Three failure diseases
Success leaves clues. So does failure.
It is amazing to me how many folks I meet believe success is luck or happens by accident. In my experience, this is not the case. Look at the folks in your arena who are superstars.
The common threads that these men and women possess enable them to step away from the masses and accomplish something great. Work ethic, definiteness of purpose and a positive attitude are always at the top of the list for these peak performers.
What we often overlook, are two common traits that keep people average — procrastination and “excusitis”. These two failure diseases, popularized in the classic book, The Magic of Thinking Big, have foiled well-intentioned people like the sirens of Ulysses.
Procrastination has long been an enemy of success.
It’s easy to trick ourselves into believing there is an endless amount of time when no one tells us when to clock in and clock out. Procrastination is the little voice inside our head whispering “You can do it later."
- Most open browser windows have nothing to do with a current project.
- Must have all the ducks in a row before beginning work. Details get in the way of the overall goal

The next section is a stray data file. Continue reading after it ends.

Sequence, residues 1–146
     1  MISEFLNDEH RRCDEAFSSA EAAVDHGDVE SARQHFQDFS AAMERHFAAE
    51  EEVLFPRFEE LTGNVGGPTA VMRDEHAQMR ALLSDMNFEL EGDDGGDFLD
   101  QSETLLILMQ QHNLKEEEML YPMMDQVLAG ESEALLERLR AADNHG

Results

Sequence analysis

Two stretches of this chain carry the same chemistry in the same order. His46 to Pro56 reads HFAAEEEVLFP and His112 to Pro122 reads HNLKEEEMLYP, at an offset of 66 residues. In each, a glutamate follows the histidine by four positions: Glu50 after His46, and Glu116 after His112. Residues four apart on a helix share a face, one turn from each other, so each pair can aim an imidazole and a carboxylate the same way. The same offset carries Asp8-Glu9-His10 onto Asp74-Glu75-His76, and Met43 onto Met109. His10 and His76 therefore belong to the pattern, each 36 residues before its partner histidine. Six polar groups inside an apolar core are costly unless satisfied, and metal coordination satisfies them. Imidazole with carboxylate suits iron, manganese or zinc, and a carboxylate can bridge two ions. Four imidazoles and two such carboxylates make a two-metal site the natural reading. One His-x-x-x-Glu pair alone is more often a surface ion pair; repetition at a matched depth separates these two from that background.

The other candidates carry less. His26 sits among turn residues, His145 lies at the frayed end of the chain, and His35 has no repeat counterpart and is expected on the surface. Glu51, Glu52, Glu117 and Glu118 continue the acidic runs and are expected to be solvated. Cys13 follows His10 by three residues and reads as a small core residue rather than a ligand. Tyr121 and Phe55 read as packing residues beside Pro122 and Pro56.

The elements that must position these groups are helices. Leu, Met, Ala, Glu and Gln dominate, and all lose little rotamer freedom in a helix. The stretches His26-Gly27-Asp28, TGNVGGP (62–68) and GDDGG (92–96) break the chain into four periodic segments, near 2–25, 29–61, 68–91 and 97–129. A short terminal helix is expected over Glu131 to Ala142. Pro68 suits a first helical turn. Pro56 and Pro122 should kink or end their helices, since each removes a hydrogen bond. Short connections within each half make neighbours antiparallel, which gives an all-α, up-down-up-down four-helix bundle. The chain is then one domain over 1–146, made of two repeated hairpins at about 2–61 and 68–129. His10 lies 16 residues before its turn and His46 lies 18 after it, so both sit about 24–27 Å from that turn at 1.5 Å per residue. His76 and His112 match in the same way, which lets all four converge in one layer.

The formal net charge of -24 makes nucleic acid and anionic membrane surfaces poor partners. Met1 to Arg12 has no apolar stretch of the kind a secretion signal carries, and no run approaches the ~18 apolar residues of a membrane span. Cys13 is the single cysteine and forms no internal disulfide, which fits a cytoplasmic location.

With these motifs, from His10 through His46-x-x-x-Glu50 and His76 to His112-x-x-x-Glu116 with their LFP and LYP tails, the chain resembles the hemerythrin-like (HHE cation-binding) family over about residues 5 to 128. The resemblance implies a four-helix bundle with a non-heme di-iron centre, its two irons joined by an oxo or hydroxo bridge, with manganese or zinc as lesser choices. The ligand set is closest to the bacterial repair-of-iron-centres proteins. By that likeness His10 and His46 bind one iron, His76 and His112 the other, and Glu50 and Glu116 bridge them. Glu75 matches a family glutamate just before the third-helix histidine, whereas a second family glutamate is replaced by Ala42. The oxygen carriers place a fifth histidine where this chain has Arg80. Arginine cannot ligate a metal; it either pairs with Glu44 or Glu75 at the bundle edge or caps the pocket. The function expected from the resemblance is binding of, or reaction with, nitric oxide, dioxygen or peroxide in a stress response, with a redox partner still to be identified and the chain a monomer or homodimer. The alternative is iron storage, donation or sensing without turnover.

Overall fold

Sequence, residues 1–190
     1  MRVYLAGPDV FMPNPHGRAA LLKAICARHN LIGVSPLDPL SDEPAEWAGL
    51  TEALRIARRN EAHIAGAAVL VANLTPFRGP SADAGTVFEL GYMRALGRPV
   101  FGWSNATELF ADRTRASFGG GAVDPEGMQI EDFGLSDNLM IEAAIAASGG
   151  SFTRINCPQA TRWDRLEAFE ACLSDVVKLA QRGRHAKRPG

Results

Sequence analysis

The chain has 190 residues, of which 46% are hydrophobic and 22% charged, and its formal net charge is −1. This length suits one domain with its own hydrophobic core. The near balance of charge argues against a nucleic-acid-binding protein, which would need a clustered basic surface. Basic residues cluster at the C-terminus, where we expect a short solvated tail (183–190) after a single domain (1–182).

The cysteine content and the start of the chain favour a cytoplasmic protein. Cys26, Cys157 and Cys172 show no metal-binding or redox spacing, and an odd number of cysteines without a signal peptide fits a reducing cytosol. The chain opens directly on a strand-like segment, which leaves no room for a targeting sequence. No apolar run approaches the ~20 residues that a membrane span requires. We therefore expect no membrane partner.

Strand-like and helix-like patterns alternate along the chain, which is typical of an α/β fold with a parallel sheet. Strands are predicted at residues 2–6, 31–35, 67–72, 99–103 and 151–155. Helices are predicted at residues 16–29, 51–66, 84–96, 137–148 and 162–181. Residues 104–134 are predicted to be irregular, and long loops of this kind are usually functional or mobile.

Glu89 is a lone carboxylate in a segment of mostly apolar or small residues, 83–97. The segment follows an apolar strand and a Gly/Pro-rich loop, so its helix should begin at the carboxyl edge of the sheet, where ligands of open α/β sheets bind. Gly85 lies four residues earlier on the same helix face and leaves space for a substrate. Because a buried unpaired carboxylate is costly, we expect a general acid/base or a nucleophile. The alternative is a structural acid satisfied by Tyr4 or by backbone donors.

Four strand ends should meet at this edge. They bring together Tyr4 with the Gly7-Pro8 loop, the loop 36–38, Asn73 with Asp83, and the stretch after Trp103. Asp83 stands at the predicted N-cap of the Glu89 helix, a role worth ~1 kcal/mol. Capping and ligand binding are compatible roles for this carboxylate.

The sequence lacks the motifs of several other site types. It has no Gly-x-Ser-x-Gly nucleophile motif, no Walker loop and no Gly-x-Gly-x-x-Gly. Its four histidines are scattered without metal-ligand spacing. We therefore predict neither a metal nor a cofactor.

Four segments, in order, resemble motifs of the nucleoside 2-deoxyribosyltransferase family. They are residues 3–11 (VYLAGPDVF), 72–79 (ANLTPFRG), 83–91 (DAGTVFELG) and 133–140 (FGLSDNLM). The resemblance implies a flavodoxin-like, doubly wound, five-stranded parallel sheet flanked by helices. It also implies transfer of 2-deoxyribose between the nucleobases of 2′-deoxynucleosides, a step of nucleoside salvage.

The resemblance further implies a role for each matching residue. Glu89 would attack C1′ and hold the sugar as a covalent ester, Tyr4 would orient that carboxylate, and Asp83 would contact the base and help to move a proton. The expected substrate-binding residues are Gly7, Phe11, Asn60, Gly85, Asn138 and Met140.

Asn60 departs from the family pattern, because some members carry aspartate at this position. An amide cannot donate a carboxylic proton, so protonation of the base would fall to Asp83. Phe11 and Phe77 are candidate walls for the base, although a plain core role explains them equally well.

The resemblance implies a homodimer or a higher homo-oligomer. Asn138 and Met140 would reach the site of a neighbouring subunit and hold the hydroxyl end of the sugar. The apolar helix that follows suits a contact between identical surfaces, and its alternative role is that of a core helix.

- Days go by without getting priority tasks accomplished.
- Focus on being productive not being busy. Pick small achievable goals to accomplish.
- Write down your goals and keep keep them visible. This creates a sense of urgency.
- Minimize "time thieves." These are the social media platforms of the day (the web in general) that sap our time. Consider using tools like Rescue Time to see where your time goes.
The second failure disease is Excusitis.
Successful people have a different perspective on excuses. They use them as motivation to win instead of cause to lose. A person with excusitis will find circumstances as the "why" they cannot succeed instead of the reason to (succeed). Common excuses used are economics, weather, government, intelligence, money, and background.
- Living with victim mentality, believing the world is out to get you.
- Blaming everything on others.
- Believing luck is the author of success.
- Don't compare your weaknesses with others' strengths.
- Don't pass the buck. Take personal responsibility.
- Change your perspective on your circumstances. Turn the excuses into reasons.
These remedies will cure the toughest failure diseases. The even better news, is you can’t overdose. Enjoy!